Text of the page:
Clinical Rheumatology

, Volume 34, Issue 3, pp 457–464 | Cite as

A prospective study comparing infection risk and disease activity in children with juvenile idiopathic arthritis treated with and without tumor necrosis factor-alpha inhibitors

  • Heather M. WaltersEmail author
  • Nancy Pan
  • Thomas J. A. Lehman
  • Alexa Adams
  • Wei-Ti Huang
  • Lemonia Sitaras
  • Susanna Cunningham-Rundles
  • Thomas J. Walsh
  • Sima S. Toussi
Original Article


Tumor necrosis factor-alpha (TNF-α) inhibitors are effective treatment for juvenile idiopathic arthritis (JIA) but may increase infection rates. However, active JIA may also render patients vulnerable to infection. In this study, we prospectively assessed infection rates in JIA patients treated with and without TNF-α inhibitors and correlated disease activity with infection risk. TNF-α inhibitor-naïve JIA subjects were followed up for 12 months. Subjects initiated on TNF-α inhibitors after enrollment were analyzed in the TNF group. Subjects treated without TNF-α inhibitors were analyzed in the non-TNF group. Questionnaires captured mild or severe infections. JIA disease activity by Childhood Health Assessment Questionnaire (CHAQ) disability index/pain score and physician joint count/global assessment was recorded. Twenty TNF and 36 non-TNF subjects were analyzed. The total infection rate ratio for TNF versus non-TNF group subjects was 1.14 (95 % CI, 0.78–1.66; p = 0.51). The average rate of infections per month was 0.29 for TNF and 0.24 for non-TNF subjects. No severe infections or hospitalizations occurred in either group. Secondary infectious outcomes were also similar between groups. Controlling for study group, an increase in CHAQ pain score correlated with an increase in several infectious outcome measures. Our results suggest no difference in infection rates between JIA subjects treated with and without TNF-α inhibitors. Additionally, JIA disease activity may have contributed to infection risk in our cohort, irrespective of immunosuppressive therapy. Future analysis of the relationship between treatment regimens, disease activity, and infection rates may help to further delineate predictors of infection risk in JIA patients.


Infection Juvenile idiopathic arthritis Tumor necrosis factor inhibitors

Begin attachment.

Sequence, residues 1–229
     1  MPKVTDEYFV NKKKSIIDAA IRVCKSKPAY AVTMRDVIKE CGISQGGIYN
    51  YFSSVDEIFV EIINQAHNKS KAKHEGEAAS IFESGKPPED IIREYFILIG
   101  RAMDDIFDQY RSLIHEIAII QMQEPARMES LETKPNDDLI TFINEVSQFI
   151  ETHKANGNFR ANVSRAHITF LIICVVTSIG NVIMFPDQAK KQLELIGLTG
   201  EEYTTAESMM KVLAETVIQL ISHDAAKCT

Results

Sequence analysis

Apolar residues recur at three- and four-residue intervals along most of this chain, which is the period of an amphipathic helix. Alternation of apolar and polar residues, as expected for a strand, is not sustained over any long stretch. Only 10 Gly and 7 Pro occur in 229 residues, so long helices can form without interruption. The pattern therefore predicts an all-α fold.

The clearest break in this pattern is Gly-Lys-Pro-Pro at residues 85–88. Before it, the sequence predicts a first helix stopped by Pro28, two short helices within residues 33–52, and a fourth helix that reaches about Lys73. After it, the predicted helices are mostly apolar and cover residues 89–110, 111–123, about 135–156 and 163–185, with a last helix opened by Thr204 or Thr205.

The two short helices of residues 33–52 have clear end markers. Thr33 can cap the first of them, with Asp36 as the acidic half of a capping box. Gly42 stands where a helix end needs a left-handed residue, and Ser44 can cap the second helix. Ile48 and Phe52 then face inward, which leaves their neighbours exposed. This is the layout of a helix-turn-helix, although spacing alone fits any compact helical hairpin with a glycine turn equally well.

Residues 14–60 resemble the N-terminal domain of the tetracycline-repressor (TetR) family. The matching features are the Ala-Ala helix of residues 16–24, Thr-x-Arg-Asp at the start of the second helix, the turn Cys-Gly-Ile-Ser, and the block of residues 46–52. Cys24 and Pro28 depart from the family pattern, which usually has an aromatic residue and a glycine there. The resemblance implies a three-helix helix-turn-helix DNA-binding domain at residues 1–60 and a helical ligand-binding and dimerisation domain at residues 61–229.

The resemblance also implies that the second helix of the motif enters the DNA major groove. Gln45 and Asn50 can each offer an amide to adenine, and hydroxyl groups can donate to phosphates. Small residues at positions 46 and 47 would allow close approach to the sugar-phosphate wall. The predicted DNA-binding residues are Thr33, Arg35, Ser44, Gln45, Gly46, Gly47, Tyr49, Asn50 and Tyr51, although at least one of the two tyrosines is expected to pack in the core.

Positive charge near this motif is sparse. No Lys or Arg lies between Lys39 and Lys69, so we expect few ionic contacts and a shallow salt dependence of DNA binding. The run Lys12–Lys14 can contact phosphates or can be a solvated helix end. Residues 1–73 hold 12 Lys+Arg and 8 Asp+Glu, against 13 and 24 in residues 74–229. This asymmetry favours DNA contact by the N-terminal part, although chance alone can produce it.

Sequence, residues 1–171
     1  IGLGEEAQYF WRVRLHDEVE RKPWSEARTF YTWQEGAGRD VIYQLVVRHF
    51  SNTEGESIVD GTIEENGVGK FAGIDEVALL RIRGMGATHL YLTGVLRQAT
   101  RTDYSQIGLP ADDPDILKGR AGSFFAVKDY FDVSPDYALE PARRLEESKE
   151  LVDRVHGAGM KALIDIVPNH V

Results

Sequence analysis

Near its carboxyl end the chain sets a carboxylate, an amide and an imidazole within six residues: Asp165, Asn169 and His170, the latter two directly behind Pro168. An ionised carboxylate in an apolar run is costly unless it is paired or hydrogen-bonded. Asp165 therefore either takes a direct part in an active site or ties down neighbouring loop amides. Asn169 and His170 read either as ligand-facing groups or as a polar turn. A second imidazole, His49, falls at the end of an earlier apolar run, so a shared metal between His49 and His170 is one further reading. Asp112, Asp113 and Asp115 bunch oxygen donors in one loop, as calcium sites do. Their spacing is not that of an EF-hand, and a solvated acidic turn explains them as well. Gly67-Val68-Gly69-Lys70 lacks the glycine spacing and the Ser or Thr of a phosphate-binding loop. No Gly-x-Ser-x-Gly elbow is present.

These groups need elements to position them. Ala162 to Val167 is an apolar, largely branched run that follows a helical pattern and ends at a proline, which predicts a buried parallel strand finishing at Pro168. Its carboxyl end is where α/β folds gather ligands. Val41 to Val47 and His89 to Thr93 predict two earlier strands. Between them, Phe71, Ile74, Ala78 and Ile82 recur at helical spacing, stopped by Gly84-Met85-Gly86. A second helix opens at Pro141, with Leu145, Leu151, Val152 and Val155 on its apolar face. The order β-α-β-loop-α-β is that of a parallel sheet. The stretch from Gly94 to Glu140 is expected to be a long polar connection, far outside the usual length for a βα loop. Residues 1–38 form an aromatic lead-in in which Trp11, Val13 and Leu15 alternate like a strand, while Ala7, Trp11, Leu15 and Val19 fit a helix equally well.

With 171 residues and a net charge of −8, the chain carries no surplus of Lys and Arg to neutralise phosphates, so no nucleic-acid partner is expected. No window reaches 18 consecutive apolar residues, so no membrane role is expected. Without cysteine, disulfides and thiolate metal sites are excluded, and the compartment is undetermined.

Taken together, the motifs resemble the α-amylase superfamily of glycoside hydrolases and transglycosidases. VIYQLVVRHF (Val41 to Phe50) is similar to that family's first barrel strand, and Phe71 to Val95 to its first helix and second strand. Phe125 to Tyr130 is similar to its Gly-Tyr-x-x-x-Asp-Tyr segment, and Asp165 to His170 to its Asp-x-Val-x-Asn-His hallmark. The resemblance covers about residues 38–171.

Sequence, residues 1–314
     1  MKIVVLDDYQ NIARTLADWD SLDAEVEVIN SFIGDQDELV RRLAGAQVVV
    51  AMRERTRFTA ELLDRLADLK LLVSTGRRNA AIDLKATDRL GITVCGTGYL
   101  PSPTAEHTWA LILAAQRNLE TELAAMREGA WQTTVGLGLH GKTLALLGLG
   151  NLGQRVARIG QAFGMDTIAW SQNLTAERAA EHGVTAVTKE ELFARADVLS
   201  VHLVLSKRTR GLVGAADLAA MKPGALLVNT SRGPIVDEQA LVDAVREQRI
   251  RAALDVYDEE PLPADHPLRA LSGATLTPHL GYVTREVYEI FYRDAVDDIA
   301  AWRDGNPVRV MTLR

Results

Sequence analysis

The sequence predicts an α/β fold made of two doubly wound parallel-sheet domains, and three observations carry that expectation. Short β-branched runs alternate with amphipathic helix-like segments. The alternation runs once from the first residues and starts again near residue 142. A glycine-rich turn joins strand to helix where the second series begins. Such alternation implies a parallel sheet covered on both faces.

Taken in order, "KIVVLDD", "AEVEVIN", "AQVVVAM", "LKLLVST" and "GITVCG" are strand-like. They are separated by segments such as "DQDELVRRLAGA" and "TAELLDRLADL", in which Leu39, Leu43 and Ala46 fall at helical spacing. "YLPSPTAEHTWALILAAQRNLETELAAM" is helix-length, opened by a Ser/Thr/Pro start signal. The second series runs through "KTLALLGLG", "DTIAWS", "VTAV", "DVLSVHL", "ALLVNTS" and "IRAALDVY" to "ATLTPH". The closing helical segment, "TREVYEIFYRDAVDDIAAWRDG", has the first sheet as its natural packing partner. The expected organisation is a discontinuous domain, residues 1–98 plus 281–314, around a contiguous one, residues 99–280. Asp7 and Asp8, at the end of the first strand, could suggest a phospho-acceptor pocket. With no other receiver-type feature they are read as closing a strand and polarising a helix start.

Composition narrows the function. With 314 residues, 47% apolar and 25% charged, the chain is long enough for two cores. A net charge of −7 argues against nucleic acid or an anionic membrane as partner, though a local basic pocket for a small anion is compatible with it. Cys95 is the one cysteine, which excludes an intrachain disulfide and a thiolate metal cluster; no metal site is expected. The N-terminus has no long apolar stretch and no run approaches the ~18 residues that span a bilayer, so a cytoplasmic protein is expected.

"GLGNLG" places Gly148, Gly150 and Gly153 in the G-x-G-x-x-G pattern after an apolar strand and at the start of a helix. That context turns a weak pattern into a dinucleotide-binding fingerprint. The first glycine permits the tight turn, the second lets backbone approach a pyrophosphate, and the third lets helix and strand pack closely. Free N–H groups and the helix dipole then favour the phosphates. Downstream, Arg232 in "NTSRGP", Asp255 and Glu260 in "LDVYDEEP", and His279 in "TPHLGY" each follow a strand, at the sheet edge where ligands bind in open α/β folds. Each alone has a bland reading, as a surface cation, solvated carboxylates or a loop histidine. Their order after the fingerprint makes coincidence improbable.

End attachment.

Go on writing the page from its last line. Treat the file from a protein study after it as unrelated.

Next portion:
Study data were collected and managed using Research Electronic Data Capture (REDCap) tools hosted at Weill Cornell Medical College. REDCap is a secure, web-based application designed to support data capture for research studies. Grant support (CTSC GRANT UL1-RR024996) has been used to fund REDCap at this institution. We acknowledge Dr. Zhengming Chen for his contribution to parts of our statistical analysis. We also acknowledge Dr. Farzana Nuruzzaman, Dr. Sarah Taber, and Chahait Singh for their contributions to subject recruitment and data collection.



Ethical standards

This study was approved by the Institutional Review Board at the Hospital for Special Surgery and was therefore performed in accordance with the ethical standards laid down in the 1964 Declaration of Helsinki and its later amendments. All persons gave their informed consent prior to their inclusion in the study. Informed consent was provided by legal guardians for all minors under the age of 18 years. All persons between the ages of 7 and 17 years gave their assent prior to their inclusion in the study.


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Copyright information

© International League of Associations for Rheumatology (ILAR) 2014

Authors and Affiliations

  • Heather M. Walters
    • 1
    Email author
  • Nancy Pan
    • 1
  • Thomas J. A. Lehman
    • 1
  • Alexa Adams
    • 1
  • Wei-Ti Huang
    • 2
  • Lemonia Sitaras
    • 3
  • Susanna Cunningham-Rundles
    • 3
  • Thomas J. Walsh
    • 3
    • 4
  • Sima S. Toussi
    • 3
  1. 1.Department of Pediatric RheumatologyHospital for Special SurgeryNew YorkUSA
  2. 2.Department of Epidemiology and BiostatisticsHospital for Special SurgeryNew YorkUSA
  3. 3.Department of PediatricsWeill Cornell Medical College/New York Presbyterian HospitalNew YorkUSA
  4. 4.Department of MedicineWeill Cornell Medical College/New York Presbyterian HospitalNew YorkUSA

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